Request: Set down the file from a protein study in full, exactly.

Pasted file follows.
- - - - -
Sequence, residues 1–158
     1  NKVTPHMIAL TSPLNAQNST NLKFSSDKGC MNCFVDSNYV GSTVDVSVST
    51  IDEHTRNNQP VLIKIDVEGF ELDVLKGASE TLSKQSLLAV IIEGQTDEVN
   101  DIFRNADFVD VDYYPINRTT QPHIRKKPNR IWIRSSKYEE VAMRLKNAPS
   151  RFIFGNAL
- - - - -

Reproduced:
Sequence, residues 1–158
     1  NKVTPHMIAL TSPLNAQNST NLKFSSDKGC MNCFVDSNYV GSTVDVSVST
    51  IDEHTRNNQP VLIKIDVEGF ELDVLKGASE TLSKQSLLAV IIEGQTDEVN
   101  DIFRNADFVD VDYYPINRTT QPHIRKKPNR IWIRSSKYEE VAMRLKNAPS
   151  RFIFGNAL